Healthcare Innovation Awards Q&A : Making Electronic Health Records Run More Efficiently
A Conversation with Thomas Charlton, President and CEO, Goliath Technologies
My career started with a healthcare company called U.S. Surgical; we provided health systems with stapling instruments for the operating room. So my familiarity with healthcare started from within the hospital. When I started Goliath Technologies, I was surprised to see that health systems were acquiring technology at such a rapid pace, but at a time when they were digitizing their medical records; and the HITECH Act provided different incentives for health systems to adopt electronic medical records; so I was reintroduced to healthcare via information technology.
How have you seen health IT change over the years, from your perspective?
It’s really unbelievable; when you think about an organization like a health system providing care for, in some cases, hundreds of thousands of people, moving from a paper-based system to an electronic medical records system. You have tens of thousands of caregivers who had been working with pen and paper, and now they’re using laptops and desktops, and so on. The change has been unbelievable, as all that change has fallen on the backs of health IT to make it happen. Caregivers have to learn how to use the systems, but IT has to make them run and working, no small feat.
So what are some of the opportunities available in healthcare?
The opportunities really are endless; centralized data analytics have the capability to help us provide much better quality of care. Look at something like leveraging predictive analytics, and how they can be used to analyze populations of hundreds of thousands of patients in order to predict the likelihood of heart attack or stroke, for example. Clinical trials are pretty interesting as well; if you think about how difficult a clinical trial is. It can take as long as 17 years to complete a clinical trial, and part of the reason is that only about 3 percent of the people who are invited to a clinical trial actually participate. So now, you can do clinical trials, or that level of assessment, using data across hundreds of thousands of different patients across geographies, etc. So the ability to abstract the information you need to approve a therapy or drug, can augment things like clinical trials, with good, solid data that’s gathered by the various EMR/EHR applications.
It sounds as though we’re talking about a new paradigm of care, one in which the role of HIT leaders is elevated.
When you think about it, IT is the foundational element. Yes, you have to customize the EMR/EHR, to support healthcare workflows and business processes, absolutely; but the application has to be available, it has to be reliable, and it has to perform. And that really comes down to IT’s focus on those foundational elements. If not, the application will be too difficult to use, and organizations will revert back to paper.
Explain a little bit about Goliath’s role in that process, in monitoring the efficiency of EHRs?
Let’s say you’re a large health system, running one of the major EHRs, whether Cerner, Epic, or Meditech, for example. And clinicians are there 24/7. One example of a feature of our technology is that, 24/7/365, automatically and intelligently, we’ll log in, making sure the EMR/EHR is up and available, for the eventuality of a clinician needing to access that application. If it’s not available, our technology will intelligently alert that IT organization so that they can proactively fix the problem.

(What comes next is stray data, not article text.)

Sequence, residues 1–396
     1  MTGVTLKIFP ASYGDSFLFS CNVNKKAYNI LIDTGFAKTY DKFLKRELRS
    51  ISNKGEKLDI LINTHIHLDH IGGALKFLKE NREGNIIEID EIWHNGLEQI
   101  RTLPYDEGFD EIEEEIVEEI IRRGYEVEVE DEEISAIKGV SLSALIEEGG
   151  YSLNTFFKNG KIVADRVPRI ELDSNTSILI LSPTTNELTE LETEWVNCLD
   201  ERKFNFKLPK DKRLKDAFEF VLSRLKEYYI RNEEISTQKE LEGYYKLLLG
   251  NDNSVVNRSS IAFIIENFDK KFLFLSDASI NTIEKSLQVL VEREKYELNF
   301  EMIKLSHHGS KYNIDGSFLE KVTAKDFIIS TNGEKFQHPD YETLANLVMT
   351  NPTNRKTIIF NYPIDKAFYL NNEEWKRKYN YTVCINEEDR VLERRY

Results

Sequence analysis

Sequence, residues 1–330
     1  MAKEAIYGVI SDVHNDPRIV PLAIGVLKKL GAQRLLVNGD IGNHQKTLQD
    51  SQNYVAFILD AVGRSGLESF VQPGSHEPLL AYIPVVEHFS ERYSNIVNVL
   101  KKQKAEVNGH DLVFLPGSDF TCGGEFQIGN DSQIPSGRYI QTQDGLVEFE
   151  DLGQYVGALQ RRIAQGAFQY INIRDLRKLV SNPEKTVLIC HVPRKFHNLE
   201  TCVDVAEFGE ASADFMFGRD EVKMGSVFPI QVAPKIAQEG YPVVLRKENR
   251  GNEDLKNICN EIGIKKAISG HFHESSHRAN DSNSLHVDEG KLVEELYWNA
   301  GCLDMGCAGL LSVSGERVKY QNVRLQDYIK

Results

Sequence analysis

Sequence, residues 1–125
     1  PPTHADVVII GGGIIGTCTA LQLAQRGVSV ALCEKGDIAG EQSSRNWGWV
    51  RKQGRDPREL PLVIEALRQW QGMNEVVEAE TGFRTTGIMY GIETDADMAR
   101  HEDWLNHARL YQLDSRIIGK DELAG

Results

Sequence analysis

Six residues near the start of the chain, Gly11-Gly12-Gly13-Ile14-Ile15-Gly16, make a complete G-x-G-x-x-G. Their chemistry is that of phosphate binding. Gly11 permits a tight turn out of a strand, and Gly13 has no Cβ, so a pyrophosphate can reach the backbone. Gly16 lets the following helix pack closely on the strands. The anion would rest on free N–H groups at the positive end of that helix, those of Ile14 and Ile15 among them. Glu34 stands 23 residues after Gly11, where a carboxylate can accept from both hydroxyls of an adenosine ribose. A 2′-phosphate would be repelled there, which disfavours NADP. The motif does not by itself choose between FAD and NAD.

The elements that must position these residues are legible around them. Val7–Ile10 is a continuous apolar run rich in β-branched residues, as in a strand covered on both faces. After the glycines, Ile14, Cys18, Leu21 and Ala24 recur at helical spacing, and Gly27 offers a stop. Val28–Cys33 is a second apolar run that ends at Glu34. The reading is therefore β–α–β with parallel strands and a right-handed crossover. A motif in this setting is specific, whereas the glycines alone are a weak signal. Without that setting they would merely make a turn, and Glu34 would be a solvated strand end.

You mentioned Meditech; they’re in place in a lot of smaller hospital organizations, for example. Is there a big difference in working with smaller, versus larger, hospital organizations?
No, and Epic and Cerner both offer versions of their technology that can be adopted by surgical centers and smaller health systems. But our technology was built for healthcare. There is a health IT challenge: if you look at supporting 20,000 users, an enterprise will have twice as any people and twice the budget as a health system will, to support the same number of users. So we built our technology with a tremendous amount of embedded intelligence and automation. What’s commonly said about our technology is that it is a purchase of software, but that it’s like adding two or three employees to your IT staff that are dedicated to monitoring and troubleshooting, so that IT can get ahead of end-user experience issues that impact patient care.
Have you seen a change in leaders who aren’t CIOs, getting involved now with EHRs now, like a CMIO, for instance?
Certainly, we deal with CIOs, and on down the org chart in IT, they’re our primary buyer and user; but very often, we’re seeing the CMIO involved in these conversations, because if the physicians are having trouble with the application, a lot of those conversations with flow up through CMIO. So it’s very common for CMIOs to be a part of the conversation. And a whole body of work has been centered around how we make EMRs/EHRs more usable by physicians and other clinicians. There’s a lot of change and innovation over the next ten years that will come, in terms of looking in new ways at how to use EMRs/EHRs—around making the applications more focused around patient outcomes and patient care, rather than merely capturing data.